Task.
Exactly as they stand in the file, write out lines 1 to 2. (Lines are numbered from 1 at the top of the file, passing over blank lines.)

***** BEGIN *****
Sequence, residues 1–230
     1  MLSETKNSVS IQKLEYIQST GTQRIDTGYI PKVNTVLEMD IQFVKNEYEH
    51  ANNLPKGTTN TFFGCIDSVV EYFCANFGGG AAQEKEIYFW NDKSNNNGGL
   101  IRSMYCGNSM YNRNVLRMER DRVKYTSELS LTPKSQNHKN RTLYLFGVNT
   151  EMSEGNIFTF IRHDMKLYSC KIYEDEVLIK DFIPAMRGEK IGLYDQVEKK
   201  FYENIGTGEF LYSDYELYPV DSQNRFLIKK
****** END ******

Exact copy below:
Sequence, residues 1–230
     1  MLSETKNSVS IQKLEYIQST GTQRIDTGYI PKVNTVLEMD IQFVKNEYEH